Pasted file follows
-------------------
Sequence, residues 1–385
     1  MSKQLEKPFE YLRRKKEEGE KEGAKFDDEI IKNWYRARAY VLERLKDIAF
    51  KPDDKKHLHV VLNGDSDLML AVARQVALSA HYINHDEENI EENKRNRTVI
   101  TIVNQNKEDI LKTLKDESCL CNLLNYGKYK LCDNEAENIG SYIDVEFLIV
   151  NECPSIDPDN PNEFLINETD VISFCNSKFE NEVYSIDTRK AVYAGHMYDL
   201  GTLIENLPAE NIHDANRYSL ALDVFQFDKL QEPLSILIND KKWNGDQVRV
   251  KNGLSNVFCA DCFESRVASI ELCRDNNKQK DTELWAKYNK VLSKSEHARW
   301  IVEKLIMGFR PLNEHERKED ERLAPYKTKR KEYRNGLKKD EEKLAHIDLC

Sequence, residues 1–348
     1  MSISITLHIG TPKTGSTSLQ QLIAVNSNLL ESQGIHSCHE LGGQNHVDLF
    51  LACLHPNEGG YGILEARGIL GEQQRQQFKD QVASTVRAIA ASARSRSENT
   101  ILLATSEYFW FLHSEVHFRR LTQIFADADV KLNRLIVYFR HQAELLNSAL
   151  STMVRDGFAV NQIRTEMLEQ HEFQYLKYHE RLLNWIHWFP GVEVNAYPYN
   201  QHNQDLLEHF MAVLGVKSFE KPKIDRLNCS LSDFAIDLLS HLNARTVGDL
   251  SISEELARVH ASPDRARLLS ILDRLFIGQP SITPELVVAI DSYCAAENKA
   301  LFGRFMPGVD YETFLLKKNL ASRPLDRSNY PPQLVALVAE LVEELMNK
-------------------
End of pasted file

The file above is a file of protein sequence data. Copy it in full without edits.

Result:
Sequence, residues 1–385
     1  MSKQLEKPFE YLRRKKEEGE KEGAKFDDEI IKNWYRARAY VLERLKDIAF
    51  KPDDKKHLHV VLNGDSDLML AVARQVALSA HYINHDEENI EENKRNRTVI
   101  TIVNQNKEDI LKTLKDESCL CNLLNYGKYK LCDNEAENIG SYIDVEFLIV
   151  NECPSIDPDN PNEFLINETD VISFCNSKFE NEVYSIDTRK AVYAGHMYDL
   201  GTLIENLPAE NIHDANRYSL ALDVFQFDKL QEPLSILIND KKWNGDQVRV
   251  KNGLSNVFCA DCFESRVASI ELCRDNNKQK DTELWAKYNK VLSKSEHARW
   301  IVEKLIMGFR PLNEHERKED ERLAPYKTKR KEYRNGLKKD EEKLAHIDLC

Sequence, residues 1–348
     1  MSISITLHIG TPKTGSTSLQ QLIAVNSNLL ESQGIHSCHE LGGQNHVDLF
    51  LACLHPNEGG YGILEARGIL GEQQRQQFKD QVASTVRAIA ASARSRSENT
   101  ILLATSEYFW FLHSEVHFRR LTQIFADADV KLNRLIVYFR HQAELLNSAL
   151  STMVRDGFAV NQIRTEMLEQ HEFQYLKYHE RLLNWIHWFP GVEVNAYPYN
   201  QHNQDLLEHF MAVLGVKSFE KPKIDRLNCS LSDFAIDLLS HLNARTVGDL
   251  SISEELARVH ASPDRARLLS ILDRLFIGQP SITPELVVAI DSYCAAENKA
   301  LFGRFMPGVD YETFLLKKNL ASRPLDRSNY PPQLVALVAE LVEELMNK